Young baseball player rarely enter the professional ranks and have success from the beginning. More typical are the ups and downs that build character and help determine if a player is cut out to be a major leaguer. Washington Nationals prospect Steven Souza has experienced that all first-hand and is starting to come out on the other side, while realizing his excellent potential.
The Nationals took Souza as an infielder in the third round of the 2007 draft out of Cascade High School in Washington. The right-handed hitter immediately flashed his diverse talent of power and speed, but was unable to put everything together, hitting just .194 and .213 respectively in his first two professional seasons. His struggles continued in 2009, as he stole 25 bases, but hit .237 with 116 strikeouts in 126 games with Class-A Hagerstown.
2010 ended up being a turning point for Souza in more ways than one. He stayed with Hagerstown, and while he still struggled with his average (.231), he had 11 home runs, 56 RBI, and 18 steals in 81 games. On July 15th it was announced that he had tested positive for substances on baseball’s banned list and was suspended for 50 games, effectively ending his season and disrupting any progress he had made.
Such a public discipline would completely derail many young players, but Souza decided to view it as an opportunity. He was rusty upon his return in 2011, hitting just .228, with 11 home runs and 25 steals for High-A Potomac.
In 2012 he was moved to the outfield to take advantage of his athleticism, and his game finally seems to be coming together. He is once again back with Hagerstown, but is finally clicking on all cylinders. In 44 games he is hitting .297 with 9 home runs and 40 RBI. It should be only a matter of time before he is promoted to see if he can sustain his success at the next level.
Before this season started Souza chatted with me about baseball. If you want to see what he is up to the rest of this season and beyond, make sure to also give him a follow of Twitter.
Steven Souza Interview:
Who were your favorite team and player when you were growing up, and why?: My favorite team was the Seattle Mariners because it is my home town and I enjoyed watching them very much. However, my favorite player was Eric Chavez, for his gifted glove and his smooth swing!
Did you ever consider college ball, and if so, what made you decide to turn pro?: Yes, I did consider college. I had a scholarship for baseball to Washington State University. I chose professional baseball instead because I wanted the best coaching I could have right out of high school. I figured I was young and could get a jump start on everyone!
Can you describe what your draft experience was like?: The draft was by far one of the craziest, yet, exciting times of my life. There were a lot of people over at my house that day, all watching MLB Network and anxiously awaiting my name to be called, as we knew it was going to be somewhere between the second and third round. The Nationals at pick 80 asked me if I would sign at 100, and the rest is history.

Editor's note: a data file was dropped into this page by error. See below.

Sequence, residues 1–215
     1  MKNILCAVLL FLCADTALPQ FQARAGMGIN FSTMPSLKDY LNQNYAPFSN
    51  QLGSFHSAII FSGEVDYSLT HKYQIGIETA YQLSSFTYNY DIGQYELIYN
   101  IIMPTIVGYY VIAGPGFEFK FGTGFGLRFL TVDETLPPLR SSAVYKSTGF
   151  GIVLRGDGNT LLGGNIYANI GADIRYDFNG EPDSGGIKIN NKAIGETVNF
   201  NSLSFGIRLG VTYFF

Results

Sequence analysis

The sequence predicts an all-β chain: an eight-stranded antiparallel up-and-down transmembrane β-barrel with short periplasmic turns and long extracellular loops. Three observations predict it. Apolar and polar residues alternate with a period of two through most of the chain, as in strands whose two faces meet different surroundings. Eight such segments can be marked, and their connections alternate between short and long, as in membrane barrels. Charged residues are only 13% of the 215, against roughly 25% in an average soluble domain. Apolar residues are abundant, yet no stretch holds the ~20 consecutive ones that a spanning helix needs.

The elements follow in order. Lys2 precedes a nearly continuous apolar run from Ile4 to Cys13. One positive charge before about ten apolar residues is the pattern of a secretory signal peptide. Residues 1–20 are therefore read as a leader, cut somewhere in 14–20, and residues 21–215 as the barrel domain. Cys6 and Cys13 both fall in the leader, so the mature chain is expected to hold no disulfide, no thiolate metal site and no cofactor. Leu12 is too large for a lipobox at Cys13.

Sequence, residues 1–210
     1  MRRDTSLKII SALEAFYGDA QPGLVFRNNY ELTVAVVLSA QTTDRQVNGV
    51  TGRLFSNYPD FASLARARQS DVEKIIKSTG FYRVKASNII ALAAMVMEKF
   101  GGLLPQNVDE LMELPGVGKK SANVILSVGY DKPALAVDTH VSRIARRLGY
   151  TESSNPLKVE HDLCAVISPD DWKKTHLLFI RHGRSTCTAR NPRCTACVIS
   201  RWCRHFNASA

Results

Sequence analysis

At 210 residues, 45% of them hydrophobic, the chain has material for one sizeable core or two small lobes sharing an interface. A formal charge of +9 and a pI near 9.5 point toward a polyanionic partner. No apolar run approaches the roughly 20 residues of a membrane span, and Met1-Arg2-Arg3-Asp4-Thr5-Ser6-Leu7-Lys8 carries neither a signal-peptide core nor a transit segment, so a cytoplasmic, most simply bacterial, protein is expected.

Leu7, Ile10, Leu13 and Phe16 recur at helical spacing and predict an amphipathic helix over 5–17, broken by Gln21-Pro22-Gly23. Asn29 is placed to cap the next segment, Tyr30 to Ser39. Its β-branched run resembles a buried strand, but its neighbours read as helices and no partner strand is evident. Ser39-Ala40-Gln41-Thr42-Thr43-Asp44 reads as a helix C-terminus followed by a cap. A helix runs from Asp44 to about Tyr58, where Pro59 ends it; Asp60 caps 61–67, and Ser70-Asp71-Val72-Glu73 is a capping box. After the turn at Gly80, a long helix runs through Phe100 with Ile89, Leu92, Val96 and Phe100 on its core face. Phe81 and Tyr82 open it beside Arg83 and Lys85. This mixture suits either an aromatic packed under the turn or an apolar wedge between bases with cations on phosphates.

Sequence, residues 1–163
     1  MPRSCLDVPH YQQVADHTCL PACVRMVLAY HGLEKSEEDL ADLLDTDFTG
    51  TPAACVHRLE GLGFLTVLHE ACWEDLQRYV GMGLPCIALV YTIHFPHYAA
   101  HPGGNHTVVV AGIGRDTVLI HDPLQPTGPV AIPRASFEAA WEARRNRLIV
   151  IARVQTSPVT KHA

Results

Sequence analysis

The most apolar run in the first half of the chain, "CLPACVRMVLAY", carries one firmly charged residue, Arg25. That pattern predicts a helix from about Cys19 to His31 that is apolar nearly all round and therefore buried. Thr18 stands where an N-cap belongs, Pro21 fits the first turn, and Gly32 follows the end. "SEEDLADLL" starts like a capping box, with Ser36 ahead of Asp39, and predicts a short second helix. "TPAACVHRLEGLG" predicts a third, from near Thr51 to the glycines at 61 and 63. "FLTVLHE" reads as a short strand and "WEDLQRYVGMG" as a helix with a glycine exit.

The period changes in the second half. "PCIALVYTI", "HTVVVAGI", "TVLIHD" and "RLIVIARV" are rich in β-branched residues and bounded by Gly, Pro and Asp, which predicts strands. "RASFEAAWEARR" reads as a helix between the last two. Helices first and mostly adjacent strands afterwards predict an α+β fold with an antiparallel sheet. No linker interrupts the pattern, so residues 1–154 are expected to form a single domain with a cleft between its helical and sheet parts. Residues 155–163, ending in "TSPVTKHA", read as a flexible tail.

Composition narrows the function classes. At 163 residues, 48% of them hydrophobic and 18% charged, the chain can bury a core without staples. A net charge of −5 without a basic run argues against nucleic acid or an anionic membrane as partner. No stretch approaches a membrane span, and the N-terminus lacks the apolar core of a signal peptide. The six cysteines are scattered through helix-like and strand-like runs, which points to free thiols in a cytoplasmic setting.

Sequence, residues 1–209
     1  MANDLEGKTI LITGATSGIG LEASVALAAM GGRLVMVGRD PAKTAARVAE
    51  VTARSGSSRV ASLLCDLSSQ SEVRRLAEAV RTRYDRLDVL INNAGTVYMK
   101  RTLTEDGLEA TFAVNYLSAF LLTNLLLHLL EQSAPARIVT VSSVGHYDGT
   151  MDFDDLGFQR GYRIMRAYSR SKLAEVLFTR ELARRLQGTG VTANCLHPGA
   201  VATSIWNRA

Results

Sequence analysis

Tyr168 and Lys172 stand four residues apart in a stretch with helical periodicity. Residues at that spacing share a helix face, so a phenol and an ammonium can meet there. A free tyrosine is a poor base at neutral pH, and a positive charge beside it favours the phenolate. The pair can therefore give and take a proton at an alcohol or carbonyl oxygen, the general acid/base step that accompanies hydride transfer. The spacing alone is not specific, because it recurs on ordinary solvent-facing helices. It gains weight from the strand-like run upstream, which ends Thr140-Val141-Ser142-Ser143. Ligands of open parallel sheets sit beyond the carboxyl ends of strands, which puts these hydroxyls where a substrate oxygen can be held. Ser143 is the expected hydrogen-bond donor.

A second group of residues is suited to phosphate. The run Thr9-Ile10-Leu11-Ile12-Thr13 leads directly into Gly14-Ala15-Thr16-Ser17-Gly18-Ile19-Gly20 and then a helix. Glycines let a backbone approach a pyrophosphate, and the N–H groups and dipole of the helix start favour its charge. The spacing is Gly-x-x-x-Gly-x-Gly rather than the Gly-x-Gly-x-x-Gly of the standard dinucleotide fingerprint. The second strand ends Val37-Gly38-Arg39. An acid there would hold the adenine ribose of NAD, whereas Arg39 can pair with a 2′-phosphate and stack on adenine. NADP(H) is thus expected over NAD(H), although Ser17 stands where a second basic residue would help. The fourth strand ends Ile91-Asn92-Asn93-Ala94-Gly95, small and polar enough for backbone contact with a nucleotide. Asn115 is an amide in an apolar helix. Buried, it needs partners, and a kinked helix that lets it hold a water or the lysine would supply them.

After you signed, did you do anything to treat yourself or celebrate with family/friends?: I didn’t do anything crazy. God has always taught me to be humble with my money; not running around buying needless junk. The fulfillment was me receiving an opportunity like nothing else; not money.
What has been your favorite moment so far in your career?: My favorite moment would have to be my 50 game suspension. I know that’s not what you’d expect, but it’s made me not only a better teammate but a more understanding person because of it. I’ve been shaped today by God through the experiences I’ve had in my life and I wouldn’t take back a single one.
Who has been your most influential manager or coach?: That’s hard because I’ve been blessed with so many great coaches. But if I were to choose one, Jeff Garber has been a light in my life and a guide through my career. He has helped me so much with in-fielding and throwing I can’t even begin to thank him. He also knows who I am as a person, understands me, and we communicate a lot better because of it.
What is spring training like for a minor league player?: Spring training isn’t terrible if you enjoy working. There is a lot of work to be done in spring, starting with early work at 8, and ending with late work. Personally I like being around all the players; I enjoy getting up early and breaking a sweat. It’s a great time to rebuild.
How closely do you follow the transaction of the Nationals and of the affiliate teams above where you are playing?: Unless it is one of my friends involved I have no idea what goes on with the transactions. Now it hasn’t always been this way, but I’ve learned to keep my focus on what I can control and that is staying focused on God and on the field.